Described as ‘nectar of the gods’ – honey is often considered a natural, healthier sweetener than sugar but nutritionally the advantages are small. It really is just another form of ‘sugar’ like other syrups, agave, molasses and maple syrup. For anyone on a weight-loss diet or with diabetes, it still raises blood sugar levels and also like sugar, can contribute to weight issues and tooth decay.
Glucose, fructose and other sugars in honey
While sugar is 100 per cent sucrose, honey is made up of around 75 per cent sugars, of which roughly half is glucose and half is fructose (these proportions may vary depending on the source of the nectar). The remaining 20 to 25 per cent is water with a trace of protein, a trace of fat and a trace of fibre, which explains why honey has fewer ‘sugars’ or kilojoules/calories than sugar when you compare them weight for weight.
Compare: 100g white sugar has 1700kJ/406Cals whereas 100g of honey has 1400kJ/334Cals.
However few of us eat honey by weight. We’re much more likely to use a teaspoon or tablespoon here and there, so measure for measure, honey has more kilojoules/Calories than sugar. That’s because honey is denser and 1 tablespoon weighs 28g, whereas a tablespoon of sugar weighs only 16g. So, if you’re substituting a tablespoon of honey for sugar, you’re consuming more calories, not less.
Floral honey does have a lower GI rating, meaning that it may have less effect on blood sugar levels, but only in very small amounts. There really hasn’t been enough research on this to advocate anyone with a health issue to indulge.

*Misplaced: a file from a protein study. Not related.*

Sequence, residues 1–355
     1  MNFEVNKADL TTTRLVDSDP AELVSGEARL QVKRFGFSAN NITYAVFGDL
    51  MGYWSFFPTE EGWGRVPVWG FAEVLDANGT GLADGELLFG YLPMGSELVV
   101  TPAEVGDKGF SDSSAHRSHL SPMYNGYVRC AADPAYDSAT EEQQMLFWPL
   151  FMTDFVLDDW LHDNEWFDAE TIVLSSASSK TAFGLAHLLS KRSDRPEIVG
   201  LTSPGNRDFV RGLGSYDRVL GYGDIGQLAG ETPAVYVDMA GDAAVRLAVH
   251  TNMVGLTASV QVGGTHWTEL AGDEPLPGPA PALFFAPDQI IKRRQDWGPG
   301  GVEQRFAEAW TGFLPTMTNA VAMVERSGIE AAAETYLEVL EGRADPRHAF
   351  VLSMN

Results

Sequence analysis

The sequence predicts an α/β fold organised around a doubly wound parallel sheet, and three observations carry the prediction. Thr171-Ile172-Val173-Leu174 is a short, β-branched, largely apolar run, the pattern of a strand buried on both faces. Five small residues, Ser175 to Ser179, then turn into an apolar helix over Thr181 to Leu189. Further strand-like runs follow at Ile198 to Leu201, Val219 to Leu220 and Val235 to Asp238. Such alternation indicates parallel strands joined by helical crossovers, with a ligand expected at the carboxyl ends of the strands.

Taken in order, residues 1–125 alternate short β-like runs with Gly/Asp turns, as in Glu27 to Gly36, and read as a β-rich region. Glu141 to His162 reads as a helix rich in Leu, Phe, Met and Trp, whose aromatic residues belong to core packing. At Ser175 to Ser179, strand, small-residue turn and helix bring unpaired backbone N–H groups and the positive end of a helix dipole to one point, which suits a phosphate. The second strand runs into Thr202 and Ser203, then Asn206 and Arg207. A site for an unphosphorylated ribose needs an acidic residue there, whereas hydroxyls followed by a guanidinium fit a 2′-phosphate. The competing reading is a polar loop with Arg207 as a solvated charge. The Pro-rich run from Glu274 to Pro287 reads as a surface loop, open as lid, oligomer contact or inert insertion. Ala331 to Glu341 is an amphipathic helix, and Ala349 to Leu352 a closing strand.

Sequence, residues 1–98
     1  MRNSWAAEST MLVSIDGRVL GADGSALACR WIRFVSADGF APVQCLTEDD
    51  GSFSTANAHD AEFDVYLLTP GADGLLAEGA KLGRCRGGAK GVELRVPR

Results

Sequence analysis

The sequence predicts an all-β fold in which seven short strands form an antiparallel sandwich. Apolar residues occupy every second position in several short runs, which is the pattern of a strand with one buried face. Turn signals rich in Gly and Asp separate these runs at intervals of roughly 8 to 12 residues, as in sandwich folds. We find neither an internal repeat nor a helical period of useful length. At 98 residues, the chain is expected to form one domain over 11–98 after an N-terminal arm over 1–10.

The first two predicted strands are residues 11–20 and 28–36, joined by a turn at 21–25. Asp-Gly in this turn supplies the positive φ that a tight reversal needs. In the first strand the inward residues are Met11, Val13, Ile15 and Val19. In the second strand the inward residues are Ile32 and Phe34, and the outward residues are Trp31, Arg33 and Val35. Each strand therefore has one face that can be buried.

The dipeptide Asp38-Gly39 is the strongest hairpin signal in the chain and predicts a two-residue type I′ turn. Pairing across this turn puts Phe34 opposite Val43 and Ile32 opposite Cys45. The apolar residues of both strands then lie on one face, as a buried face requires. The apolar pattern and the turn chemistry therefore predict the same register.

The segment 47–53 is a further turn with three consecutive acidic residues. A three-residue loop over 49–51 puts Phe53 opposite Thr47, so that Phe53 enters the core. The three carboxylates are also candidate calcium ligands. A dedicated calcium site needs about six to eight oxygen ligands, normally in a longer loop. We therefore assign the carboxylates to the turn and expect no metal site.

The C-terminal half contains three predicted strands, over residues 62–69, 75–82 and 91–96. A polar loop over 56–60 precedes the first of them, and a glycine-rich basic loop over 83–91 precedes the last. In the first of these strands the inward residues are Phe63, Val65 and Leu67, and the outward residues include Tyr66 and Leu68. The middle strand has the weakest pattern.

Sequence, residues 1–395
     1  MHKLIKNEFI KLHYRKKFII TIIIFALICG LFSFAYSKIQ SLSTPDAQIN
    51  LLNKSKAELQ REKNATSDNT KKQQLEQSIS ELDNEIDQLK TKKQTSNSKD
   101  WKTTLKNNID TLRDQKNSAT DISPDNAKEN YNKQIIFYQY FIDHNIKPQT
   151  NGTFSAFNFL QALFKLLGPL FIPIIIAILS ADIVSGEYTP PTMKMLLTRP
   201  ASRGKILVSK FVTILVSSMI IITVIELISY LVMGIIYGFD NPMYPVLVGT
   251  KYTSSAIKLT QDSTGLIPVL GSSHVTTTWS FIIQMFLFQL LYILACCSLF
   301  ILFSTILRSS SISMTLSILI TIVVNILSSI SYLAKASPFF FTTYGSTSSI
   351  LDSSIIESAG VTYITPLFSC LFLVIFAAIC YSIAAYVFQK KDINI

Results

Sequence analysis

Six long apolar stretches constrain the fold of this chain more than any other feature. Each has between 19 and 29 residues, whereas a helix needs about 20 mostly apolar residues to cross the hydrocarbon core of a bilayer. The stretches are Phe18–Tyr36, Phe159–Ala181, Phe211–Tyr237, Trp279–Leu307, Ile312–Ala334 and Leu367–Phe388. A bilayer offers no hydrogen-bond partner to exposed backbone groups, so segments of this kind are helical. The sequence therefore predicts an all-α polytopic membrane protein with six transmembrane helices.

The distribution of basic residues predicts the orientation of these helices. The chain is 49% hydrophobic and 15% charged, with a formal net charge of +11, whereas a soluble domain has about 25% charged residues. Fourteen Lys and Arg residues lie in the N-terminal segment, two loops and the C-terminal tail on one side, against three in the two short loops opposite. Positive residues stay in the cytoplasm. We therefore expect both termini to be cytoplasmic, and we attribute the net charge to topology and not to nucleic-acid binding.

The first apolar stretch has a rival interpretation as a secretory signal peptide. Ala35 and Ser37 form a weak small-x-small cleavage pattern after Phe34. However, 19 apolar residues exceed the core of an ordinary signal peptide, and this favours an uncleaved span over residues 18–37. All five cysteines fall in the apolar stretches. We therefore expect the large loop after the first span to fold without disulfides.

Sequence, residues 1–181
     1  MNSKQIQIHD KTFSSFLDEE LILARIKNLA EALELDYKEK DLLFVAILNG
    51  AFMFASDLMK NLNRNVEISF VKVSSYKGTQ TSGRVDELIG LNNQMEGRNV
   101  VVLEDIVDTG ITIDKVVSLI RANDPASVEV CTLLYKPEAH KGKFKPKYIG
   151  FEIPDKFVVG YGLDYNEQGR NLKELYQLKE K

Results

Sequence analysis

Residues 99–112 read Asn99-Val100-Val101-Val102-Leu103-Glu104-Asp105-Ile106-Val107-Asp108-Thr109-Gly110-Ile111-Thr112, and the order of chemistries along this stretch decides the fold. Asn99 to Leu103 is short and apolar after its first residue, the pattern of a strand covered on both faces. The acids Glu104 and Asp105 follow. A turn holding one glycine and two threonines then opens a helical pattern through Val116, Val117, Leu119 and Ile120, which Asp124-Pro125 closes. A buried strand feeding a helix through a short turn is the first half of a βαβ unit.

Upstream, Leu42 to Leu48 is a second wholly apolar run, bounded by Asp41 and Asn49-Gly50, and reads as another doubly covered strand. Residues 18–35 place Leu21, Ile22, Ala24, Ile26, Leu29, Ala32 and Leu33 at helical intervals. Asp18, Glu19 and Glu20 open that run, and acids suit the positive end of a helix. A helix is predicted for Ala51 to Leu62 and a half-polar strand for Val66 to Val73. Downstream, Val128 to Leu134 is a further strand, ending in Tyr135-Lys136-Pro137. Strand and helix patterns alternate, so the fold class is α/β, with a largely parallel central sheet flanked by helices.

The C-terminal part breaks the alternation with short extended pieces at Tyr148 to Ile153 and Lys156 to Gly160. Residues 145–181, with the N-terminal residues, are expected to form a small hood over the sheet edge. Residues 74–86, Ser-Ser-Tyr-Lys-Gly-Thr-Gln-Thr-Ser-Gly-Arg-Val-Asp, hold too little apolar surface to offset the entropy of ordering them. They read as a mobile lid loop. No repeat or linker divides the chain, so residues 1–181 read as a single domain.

Creamed honey is just honey that has been whipped or beaten to slow the natural crystallization process. Soft and creamy, it is thick and easy to spread if kept out of the fridge, same as peanut butter. People may prefer this style, as it is less messy to use. Nutritionally, though, it has the same profile as ordinary honey.
Honey warning for babies
As natural as it is, don’t give honey to babies under one year* because of the small chance of them ingesting botulism spores and getting very ill. Honey can sometimes contain inactive spores of Clostridium botulinum, the tiny bacterium responsible for botulism food poisoning. Healthy adults don’t get sick from them but infants can as the spores multiply in their immature guts and can begin producing botulinum toxin. After 12 months, honey is fine to offer.
The bottom line
Despite being natural with minimal refining, honey is NOT vastly superior to sugar.
Overall, honey is still a form of sugar and needs to be regarded as that. I prefer Perfect Sweet™ xylitol or SlimSweet™ Monk Fruit Sweetener as a natural sweetener in my diet because it has minimal effect on blood sugar levels, promotes good intestinal flora, controls sugar cravings and helps with weight loss.
This is an excerpt from an article: https://foodwatch.com.au/blog/carbs-sugars-and-fibres/item/honey-is-it-healthier-than-sugar.htmlIs honey healthier than sugar?